Navy EOD Reenlistment Checklist: Bathing Suit, SCUBA Tank, Africa
With a stream of bubbles emerging from his SCUBA system, the American explosive ordnance technician looked through the clear water off the African Coast at his officer and gave the signal. They were ready to begin their task.
The reason U.S. Navy Petty Officer 2nd Class Geoffrey Shepelew, 221st Explosive Ordinance Disposal Mobile Unit 2 EOD technician, and U.S Navy Lieutenant Scott Pennoyer, 221st EOD Mobile Unit 2 EOD officer, both with Combined Joint Task Force - Horn of Africa, were underwater February 12 wasn't to neutralize explosives or search for threats—it was for a Shepelew to reaffirm his Oath of Enlistment to the U.S Navy.
The day you reenlist is "kind of like your birthday," said U.S. Navy Petty Officer 1st Class Tara Gaiski, a fellow EOD technician "He should do whatever he wants for it."
"I thought I would do a standard reenlistment, then I took … (Gaiski's) advice to heart and I thought we'd try something fun," Shepelew, a native of Virginia Beach, Virginia, said with a smile.
Shepelew weighed his options for his ceremony. The petty officer's first thought was to reenlist at the back of a military aircraft and then perform a static-line jump out of it with his team after he reenlisted.
When that plan fell through because of timing, he turned to another one of his passions—SCUBA diving.
Well before he joined the military, Shepelew, 35, earned his open-water dive certification in Australia and has been diving ever since.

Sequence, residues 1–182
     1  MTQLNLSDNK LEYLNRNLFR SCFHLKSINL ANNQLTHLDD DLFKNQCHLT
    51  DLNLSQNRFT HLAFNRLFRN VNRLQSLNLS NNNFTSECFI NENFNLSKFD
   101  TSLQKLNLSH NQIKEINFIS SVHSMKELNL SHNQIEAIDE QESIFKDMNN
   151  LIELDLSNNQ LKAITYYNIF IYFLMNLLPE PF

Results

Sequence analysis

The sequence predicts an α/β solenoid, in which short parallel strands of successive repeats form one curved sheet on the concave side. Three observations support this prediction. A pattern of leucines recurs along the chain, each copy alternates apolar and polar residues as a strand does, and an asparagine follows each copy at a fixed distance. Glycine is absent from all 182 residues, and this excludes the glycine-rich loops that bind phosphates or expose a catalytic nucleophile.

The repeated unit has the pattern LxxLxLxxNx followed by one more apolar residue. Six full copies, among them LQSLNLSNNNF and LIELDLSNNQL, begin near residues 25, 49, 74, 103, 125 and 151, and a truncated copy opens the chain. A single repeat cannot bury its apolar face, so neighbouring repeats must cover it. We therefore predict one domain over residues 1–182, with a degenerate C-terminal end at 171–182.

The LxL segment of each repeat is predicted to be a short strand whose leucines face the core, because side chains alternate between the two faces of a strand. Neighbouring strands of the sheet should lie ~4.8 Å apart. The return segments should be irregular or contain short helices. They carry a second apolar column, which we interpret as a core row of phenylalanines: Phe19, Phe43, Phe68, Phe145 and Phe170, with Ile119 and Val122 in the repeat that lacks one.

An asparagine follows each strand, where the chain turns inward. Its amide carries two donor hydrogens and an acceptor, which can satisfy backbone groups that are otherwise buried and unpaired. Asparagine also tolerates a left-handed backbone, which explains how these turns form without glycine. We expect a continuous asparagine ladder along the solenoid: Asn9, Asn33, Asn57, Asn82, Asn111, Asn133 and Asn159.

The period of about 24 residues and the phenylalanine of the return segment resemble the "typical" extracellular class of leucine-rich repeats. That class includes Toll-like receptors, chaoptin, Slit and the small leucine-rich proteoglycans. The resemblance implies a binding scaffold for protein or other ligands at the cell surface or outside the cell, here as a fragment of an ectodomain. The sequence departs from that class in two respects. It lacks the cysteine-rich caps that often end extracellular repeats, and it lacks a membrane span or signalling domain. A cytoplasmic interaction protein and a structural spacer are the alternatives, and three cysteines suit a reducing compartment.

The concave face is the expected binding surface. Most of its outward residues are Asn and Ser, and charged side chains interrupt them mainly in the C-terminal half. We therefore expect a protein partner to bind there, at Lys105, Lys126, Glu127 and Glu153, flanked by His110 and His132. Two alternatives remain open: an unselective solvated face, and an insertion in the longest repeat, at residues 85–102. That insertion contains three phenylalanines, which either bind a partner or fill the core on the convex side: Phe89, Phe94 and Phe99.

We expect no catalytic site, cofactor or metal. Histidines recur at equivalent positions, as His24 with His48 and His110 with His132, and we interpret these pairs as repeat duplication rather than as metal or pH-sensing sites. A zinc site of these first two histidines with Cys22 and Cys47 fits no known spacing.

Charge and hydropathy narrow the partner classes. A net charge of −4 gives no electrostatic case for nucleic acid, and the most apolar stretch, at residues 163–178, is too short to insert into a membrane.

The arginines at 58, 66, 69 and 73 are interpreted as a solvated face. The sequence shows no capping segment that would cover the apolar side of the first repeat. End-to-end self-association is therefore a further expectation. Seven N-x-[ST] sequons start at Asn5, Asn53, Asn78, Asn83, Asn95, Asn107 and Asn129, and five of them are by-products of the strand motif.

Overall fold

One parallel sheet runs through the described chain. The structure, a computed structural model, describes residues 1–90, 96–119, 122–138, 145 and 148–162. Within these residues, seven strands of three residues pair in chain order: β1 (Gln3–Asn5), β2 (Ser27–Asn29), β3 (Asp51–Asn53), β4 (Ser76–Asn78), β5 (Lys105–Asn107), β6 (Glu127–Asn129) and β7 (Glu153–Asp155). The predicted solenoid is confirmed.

Years later at the Navy recruiting office, a recruiter pitched the idea of being a diver. Shepelew mulled it over.
"I was considering commercial diving as a career but the training was very cost prohibitive, so the Navy could be my lead into diving," Shepelew said.
He was going to enlist as a diver, but was encouraged to go into EOD by a friend in the career field. In addition to diving, Shepelew was enticed by EOD opportunities to use explosives, weapons and jump out of airplanes, so he signed up for EOD school.
Since becoming an EOD technician, he has enjoyed the career field and consequently reenlisted for six more years. "I love my job because it's always an adventure. I really can't believe we get paid to do this," Shepelew said.
Pennoyer, who shares Shepelew's passion for the EOD career field, was thankful he was able to witness his shipmate continue his career.
Pennoyer said he was honored Shepelew asked him to be his reenlisting officer. "We told him he could do anything he wanted, within reason. He chose to do an underwater reenlistment, which not many people get the chance to do," Pennoyer said. "Since Navy EOD technicians are divers at heart, we chose to do it underwater … It went swimmingly."